Magic Mask

These three pictures are of the same Noh mask. It’s carved from wood and has no moving parts, yet just by tipping his head, the actor can change his character’s expression.

Ignorant foreigner that I am, I have to admit that Noh drama is really hard to watch. The language is ancient and arcane, the movements so stylized you need to know which flick of the fan means it’s a saké cup and which changes it into a sword, and the actors (never actresses) glide across the stage wearing masks and extravagant robes that are about as far from natural as you can get.

And yet…if you watch carefully, you can see that the actors are really skillful at making a tiny gesture or tilt of the chin go a long way. The artists who carved the masks were masters of human anatomy, giving a slight sharpening of the cheekbone to indicate that the character is aging, making the eyehole “pupils” of young women square instead of round, rimming the eyes with gold to suggest the character has the glowing eyes of a spirit from another world.

And wearing these masks ain’t easy. I recently had a chance to try one on and was astounded at how blind the actors are when wearing them. Apparently, they have to use the posts at the corners of the Noh stage to orient themselves and count their steps so they know where they are. Also, to put one on properly, it takes about an hour of rearranging cotton between the actor’s face and the mask to get it in the right position. No wonder they have to start studying at the age of three!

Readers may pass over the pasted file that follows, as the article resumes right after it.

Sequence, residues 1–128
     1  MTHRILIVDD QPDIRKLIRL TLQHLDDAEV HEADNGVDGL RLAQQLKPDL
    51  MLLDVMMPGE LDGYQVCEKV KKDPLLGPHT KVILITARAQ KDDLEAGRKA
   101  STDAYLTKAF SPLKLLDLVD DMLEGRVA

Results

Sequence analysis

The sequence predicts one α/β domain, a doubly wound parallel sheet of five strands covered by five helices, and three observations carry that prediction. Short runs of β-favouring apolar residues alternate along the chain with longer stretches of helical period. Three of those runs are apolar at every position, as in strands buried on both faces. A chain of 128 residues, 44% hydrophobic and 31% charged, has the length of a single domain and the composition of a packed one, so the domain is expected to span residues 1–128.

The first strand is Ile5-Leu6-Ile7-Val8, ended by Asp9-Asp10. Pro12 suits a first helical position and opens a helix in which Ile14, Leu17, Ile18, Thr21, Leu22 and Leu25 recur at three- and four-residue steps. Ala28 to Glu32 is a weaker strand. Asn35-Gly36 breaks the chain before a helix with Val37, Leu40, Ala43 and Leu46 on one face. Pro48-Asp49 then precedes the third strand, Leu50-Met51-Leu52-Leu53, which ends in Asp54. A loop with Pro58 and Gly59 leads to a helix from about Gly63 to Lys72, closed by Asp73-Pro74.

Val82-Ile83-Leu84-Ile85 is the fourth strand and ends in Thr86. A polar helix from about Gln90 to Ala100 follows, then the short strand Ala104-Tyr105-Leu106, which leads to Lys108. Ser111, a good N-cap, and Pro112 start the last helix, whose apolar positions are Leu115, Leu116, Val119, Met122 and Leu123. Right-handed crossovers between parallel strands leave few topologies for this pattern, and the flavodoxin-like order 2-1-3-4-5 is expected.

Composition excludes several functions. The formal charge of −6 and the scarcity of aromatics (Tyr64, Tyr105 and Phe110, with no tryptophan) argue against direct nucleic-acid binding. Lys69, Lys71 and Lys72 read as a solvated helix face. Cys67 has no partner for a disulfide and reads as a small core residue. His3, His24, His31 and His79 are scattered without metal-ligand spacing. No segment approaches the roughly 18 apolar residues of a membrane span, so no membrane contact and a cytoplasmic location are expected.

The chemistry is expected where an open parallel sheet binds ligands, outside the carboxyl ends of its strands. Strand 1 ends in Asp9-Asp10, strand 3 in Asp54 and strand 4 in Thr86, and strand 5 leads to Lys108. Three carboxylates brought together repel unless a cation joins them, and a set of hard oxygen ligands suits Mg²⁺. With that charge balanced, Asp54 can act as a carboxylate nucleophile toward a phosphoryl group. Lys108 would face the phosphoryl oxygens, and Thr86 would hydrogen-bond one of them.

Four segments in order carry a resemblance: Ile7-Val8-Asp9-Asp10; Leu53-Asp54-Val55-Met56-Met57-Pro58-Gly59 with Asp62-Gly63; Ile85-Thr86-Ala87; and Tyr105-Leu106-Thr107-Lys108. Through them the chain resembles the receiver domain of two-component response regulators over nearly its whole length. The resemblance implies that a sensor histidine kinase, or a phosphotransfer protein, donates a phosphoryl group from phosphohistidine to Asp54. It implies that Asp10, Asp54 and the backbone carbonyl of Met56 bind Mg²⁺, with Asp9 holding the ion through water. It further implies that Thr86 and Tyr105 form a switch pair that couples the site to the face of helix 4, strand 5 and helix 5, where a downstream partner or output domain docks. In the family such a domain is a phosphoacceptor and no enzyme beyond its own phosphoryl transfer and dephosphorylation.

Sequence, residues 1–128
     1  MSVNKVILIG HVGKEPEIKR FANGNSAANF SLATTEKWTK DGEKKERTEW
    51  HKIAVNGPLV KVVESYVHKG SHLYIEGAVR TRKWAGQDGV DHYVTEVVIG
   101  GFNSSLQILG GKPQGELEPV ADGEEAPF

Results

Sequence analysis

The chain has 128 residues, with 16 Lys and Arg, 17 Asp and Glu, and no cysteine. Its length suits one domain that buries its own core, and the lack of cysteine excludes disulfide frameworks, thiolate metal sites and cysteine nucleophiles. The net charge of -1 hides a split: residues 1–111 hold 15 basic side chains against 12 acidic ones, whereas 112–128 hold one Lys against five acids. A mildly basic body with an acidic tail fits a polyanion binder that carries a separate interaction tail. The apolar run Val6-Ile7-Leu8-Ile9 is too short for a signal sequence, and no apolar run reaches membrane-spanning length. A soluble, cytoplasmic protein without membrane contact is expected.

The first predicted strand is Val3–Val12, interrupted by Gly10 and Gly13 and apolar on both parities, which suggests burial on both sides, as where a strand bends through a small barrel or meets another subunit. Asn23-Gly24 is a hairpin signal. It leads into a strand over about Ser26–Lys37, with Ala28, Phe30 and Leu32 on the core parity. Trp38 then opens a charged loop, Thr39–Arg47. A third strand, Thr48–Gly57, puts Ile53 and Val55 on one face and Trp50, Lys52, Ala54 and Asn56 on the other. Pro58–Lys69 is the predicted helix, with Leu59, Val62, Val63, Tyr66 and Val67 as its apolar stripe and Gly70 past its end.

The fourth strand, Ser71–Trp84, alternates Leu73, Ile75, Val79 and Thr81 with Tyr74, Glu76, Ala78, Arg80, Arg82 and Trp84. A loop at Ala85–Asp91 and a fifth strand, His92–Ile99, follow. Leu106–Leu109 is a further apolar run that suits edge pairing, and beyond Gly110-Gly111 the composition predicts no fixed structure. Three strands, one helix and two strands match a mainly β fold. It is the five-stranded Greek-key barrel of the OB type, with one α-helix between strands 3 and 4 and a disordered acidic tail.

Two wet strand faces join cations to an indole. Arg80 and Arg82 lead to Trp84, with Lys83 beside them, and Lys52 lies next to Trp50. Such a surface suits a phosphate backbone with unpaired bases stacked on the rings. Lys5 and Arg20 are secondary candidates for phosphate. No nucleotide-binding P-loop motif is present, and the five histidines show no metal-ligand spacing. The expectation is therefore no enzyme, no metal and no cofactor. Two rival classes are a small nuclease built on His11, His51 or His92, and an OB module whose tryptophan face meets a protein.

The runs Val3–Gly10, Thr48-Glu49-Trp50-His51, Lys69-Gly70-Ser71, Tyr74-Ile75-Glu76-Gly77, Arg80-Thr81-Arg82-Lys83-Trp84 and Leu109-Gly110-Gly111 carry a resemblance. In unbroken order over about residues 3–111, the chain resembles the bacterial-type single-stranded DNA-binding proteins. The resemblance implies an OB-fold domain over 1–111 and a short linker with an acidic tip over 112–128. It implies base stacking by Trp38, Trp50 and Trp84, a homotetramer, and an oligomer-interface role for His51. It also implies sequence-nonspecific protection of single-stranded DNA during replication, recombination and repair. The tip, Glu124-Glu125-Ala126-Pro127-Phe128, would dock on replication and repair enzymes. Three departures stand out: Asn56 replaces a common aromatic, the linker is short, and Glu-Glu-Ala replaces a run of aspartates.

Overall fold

The Last Tea Bowl Thief was chosen as an Editor’s Pick for
Best Mystery, Thriller & Suspense on Amazon

For three hundred years, a missing tea bowl passes from one fortune-seeker to the next, changing the lives of all who possess it…read more

“A fascinating mix of history and mystery.” —Booklist

Jonelle Patrick writes novels set in Japan, produces the monthly e-magazine Japanagram, and blogs at Only In Japan and The Tokyo Guide I Wish I’d Had

Published by Jonelle Patrick

Writes all the Japan things.

6 thoughts on “Magic Mask

    1. I’d read about this and been to some Noh performances, but it wasn’t until I saw a mask close up and watched the expression change as I tipped it, that I understood the range of emotion possible from a piece of carved wood. The next time I go to watch Noh, I’m going to appreciate it on a whole new level!

    1. I haven’t forgotten it at all! That performance is burned into my memory, but not because of the acting or the masks! You are the perpetual holder of the Culture Warrior Lifetime Achievement Award for sitting through nearly an entire Noh performance with a broken arm. On my way to the theatre on the day I tried on the mask, I actually walked right past The Scene Of The Crime.

Leave a Reply

Fill in your details below or click an icon to log in: Logo

You are commenting using your account. Log Out /  Change )

Facebook photo

You are commenting using your Facebook account. Log Out /  Change )

Connecting to %s